Hey, Don Woodstock, the Urban Knights want their medal back.

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This article was published 2/10/2018 (990 days ago), so information in it may no longer be current.

Hey, Don Woodstock, the Urban Knights want their medal back.

That was the message Patrick Belhumeur, president and co-founder of the Urban Knights and Ladies Peace Patrol, asked the Free Press to pass along to Woodstock, one of eight candidates running for mayor in the Winnipeg civic election.

"When his membership was revoked with our group (earlier this year), he was told to give back the medals and the T-shirts and any other accessories he was given as a patrol member," Belhumeur said. "We haven’t received any of that back from him.

"He shouldn’t be wearing that medal, because he’s no longer a member of our group."

Woodstock countered he earned the medal for his work with the Urban Knights and deserves to keep it, and won’t be returning it.

The mayoral candidate always appears in public with a medal and ribbon pinned to his left lapel. The medal and ribbon is similar in appearance to that given to individuals recognized as a Member of the Order of Canada. Woodstock’s medal, however, was given to him in 2015 by the Urban Knights, a local volunteer group founded in 1976 to help the homeless and promote anti-littering.

He has called it the "Order of Canadians" medal, and said it was one level below the Order of Canada (which it is not). The Urban Knights called it their "Order of Citizens."

Belhumeur said he told Woodstock at the time it was nothing more than a novelty item that held no national significance, adding he was surprised to see him wearing it.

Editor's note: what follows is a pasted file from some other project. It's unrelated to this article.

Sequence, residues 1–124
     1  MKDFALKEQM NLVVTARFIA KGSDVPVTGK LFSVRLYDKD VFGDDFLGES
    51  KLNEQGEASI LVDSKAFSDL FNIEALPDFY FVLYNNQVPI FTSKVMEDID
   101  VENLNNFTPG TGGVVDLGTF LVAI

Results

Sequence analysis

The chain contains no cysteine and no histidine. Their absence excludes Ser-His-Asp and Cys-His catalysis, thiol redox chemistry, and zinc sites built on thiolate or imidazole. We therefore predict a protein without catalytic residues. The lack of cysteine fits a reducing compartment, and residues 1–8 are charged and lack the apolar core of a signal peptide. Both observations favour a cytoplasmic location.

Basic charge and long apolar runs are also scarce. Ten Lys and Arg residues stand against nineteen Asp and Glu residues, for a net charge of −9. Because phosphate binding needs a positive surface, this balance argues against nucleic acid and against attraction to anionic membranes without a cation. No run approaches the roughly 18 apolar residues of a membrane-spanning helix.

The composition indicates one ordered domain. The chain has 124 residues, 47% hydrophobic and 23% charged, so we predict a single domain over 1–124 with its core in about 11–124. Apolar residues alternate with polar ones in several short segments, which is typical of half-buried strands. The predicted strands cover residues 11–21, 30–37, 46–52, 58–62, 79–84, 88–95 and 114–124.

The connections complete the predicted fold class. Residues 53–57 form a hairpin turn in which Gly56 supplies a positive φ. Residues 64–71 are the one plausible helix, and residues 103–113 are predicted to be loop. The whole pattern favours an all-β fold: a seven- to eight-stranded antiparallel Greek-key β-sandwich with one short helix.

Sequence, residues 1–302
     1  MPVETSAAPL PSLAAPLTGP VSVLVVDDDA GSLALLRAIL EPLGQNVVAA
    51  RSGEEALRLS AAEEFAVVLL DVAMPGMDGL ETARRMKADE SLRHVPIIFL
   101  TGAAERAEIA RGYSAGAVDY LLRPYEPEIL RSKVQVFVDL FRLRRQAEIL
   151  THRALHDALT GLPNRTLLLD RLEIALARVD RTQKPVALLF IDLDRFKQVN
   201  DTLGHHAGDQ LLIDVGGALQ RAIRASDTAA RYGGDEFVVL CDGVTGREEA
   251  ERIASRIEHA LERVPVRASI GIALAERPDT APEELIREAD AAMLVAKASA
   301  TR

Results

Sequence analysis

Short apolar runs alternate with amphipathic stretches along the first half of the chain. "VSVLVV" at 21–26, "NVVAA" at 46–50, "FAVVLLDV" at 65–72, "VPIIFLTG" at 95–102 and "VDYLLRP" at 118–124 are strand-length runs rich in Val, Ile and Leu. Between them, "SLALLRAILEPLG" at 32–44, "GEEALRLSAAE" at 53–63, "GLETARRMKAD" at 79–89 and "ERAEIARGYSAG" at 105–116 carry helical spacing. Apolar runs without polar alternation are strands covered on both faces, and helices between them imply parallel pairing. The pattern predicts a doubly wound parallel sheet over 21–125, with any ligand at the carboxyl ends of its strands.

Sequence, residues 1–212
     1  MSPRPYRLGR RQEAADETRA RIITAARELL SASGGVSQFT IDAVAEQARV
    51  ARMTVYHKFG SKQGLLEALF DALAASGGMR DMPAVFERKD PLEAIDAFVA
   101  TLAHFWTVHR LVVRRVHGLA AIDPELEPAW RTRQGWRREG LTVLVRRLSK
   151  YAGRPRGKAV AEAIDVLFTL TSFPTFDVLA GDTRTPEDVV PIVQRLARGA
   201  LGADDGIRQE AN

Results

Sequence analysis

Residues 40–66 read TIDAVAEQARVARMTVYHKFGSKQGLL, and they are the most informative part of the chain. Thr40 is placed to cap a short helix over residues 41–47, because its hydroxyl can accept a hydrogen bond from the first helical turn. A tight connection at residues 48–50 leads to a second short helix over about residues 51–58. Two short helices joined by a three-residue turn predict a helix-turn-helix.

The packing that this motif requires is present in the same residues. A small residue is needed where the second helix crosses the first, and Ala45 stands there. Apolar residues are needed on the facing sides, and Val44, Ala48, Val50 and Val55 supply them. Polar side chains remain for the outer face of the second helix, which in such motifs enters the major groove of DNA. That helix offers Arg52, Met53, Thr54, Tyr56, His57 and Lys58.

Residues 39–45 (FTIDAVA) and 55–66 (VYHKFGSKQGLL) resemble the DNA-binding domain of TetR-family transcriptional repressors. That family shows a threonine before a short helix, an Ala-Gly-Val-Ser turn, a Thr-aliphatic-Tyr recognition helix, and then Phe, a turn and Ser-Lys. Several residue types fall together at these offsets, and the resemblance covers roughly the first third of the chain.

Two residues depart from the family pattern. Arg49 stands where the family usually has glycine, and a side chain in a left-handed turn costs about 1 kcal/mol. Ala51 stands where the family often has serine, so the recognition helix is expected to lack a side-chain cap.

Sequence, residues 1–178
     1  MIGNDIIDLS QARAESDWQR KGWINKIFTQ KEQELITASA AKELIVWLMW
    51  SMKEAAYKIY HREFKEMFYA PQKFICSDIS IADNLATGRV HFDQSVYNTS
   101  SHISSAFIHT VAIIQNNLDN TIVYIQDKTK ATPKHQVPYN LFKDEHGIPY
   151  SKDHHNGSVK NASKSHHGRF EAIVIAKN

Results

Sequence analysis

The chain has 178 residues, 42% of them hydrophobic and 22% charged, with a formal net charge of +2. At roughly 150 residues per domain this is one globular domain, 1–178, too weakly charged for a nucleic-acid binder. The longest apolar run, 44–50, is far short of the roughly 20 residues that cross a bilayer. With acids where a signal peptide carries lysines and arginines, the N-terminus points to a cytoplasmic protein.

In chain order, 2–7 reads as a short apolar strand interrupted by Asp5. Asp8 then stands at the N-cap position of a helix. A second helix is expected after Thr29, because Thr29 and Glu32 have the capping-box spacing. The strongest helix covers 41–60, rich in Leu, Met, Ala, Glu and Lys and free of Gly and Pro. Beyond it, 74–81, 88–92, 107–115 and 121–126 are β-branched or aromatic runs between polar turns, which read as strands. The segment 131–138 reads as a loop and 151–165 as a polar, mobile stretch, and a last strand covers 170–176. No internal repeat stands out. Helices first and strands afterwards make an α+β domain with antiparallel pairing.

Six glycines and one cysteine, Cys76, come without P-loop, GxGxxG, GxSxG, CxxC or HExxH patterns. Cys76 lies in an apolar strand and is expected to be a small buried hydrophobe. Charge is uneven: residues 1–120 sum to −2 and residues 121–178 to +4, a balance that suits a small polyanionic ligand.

"I told him if he wanted to wear it around the house, it was OK. I didn’t expect him to wear it publicly, certainly not on the left-hand side of his jacket, which is reserved for military and government honours," Belhumeur said.

"If he was going to be wearing it, it should be on his right side."

The medal was replaced about a year later with another, the "Companion of Honour Peace Medal."

Belhumeur has been singled out for his work with the Urban Knights.

In January, he was awarded the Sovereign’s Medal for Volunteers by Lt.-Gov. Janice Filmon, recognizing exceptional volunteer achievements. Belhumeur met Filmon again in July, when she presented him, and 11 others, with the Order of Manitoba, the province’s highest honour.

The Urban Knights split with Woodstock earlier this year, and requested the return of the medal, when they disagreed over Woodstock’s decision to support a Calgary organization that promised to build housing for homeless veterans.

Belhumeur said the Urban Knights disagreed with the eligibility criteria of the Calgary group and didn’t believe it would really help the homeless individuals who need it the most. When Woodstock stuck with them, he said they revoked his membership.

"I don’t know why he kept wearing (the medal)," Belhumeur said.

Woodstock admits he was asked to return the medal, but said he won’t, adding he and the Urban Knights disagree over the Calgary group’s plans but that shouldn’t have anything to do with the medal.

"I asked (Belhumeur) if I earned it, and he said I earned it, and I said, ‘Thank you very much,’" Woodstock said.